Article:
Nutrition

Bone Broth…Good Stuff or BS?

Bone broth has become a popular food-supplement but does it really provide health or performance benefits?

Health Tips

How To Deal With Fatigue

Fatigue is a common presenting symptom and unfortunately, its treatment is wrapped in woo! This article presents evidence-backed interventions to help you recover from fatigue

Carb-Appropriate Research Review

Issue #3 The Carb-Appropriate Review

Issue 3 | Volume 1 | August 2019 In this issue: Articles Is the Ketogenic Diet Really a Cure for Cancer? The ketogenic diet is touted as a ‘cure’ for cancer with claims that it effectively starves cancer cells of fuel. But do these claims stack up? Can the Ketogenic Diet and Ketones Improve Brain Health? The ketogenic diet shows promise for improving brain health and reducing neurodegeneration. Find out what the science says in this special report. Research reviews and commentary Does Increased Fat in the Diet Cause ‘Keto-Crotch’? This study is often used to support the idea that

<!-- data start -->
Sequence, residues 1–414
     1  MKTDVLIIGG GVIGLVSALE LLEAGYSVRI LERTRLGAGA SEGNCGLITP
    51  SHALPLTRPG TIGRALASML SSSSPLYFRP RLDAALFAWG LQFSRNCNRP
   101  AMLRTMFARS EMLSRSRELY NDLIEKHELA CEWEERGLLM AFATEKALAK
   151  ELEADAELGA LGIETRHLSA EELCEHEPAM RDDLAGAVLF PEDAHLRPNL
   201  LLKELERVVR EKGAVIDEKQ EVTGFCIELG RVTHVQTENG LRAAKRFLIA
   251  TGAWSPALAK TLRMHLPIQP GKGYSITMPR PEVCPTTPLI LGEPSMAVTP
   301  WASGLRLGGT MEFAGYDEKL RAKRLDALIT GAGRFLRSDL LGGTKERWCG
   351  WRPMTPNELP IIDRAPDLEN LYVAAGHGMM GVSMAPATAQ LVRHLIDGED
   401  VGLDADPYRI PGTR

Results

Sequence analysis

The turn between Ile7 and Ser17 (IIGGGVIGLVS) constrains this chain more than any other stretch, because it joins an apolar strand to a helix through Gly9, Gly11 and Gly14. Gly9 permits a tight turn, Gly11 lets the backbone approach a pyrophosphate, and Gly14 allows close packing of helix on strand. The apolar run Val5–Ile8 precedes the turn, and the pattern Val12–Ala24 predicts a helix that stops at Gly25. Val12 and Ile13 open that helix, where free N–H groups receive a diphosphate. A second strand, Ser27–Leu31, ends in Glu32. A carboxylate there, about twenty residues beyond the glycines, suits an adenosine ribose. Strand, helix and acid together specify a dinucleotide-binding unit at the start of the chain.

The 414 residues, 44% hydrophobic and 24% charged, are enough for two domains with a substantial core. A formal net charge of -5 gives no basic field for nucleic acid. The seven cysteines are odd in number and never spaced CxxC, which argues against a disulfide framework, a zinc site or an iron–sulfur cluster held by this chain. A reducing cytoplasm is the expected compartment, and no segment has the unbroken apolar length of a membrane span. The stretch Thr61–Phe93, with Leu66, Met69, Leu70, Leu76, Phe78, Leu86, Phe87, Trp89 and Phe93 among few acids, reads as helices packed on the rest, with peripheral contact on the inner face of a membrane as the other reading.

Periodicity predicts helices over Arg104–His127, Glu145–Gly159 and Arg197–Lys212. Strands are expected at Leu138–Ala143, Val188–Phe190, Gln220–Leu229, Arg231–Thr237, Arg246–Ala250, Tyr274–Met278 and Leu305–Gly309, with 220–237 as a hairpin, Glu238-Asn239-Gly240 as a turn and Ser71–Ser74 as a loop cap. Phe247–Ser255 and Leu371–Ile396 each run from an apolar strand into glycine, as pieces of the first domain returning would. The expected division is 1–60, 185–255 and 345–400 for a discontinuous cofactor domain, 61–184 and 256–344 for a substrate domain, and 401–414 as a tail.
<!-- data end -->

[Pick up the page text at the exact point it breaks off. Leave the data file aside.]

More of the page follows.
Carb-Appropriate Research Review

World Health Organisation’s recommendations on saturated fat are out of date, expert team says

ABC News https://www.abc.net.au/news/health/2019-07-04/who-saturated-fat-recommendations-out-of-date-expert-team-says/11274136 Article Summary In a new study published in the British Medical Journal,1 18 well-known researchers have disputed the World Health Organisations dietary guideline to reduce saturated fat to less than 10% of daily calories, and have stated that this dietary guideline is not backed by evidence. The authors summarised the key points of the paper as: 2018 WHO draft guidelines on dietary saturated fatty acids and trans-fatty acids recommend reducing the total intake of saturated fat and replacing it with polyunsaturated and monounsaturated fatty acids The recommendations fail to take into account considerable evidence that the health

Health Tips

Rachel Grunwell – Health and Wellness Crusader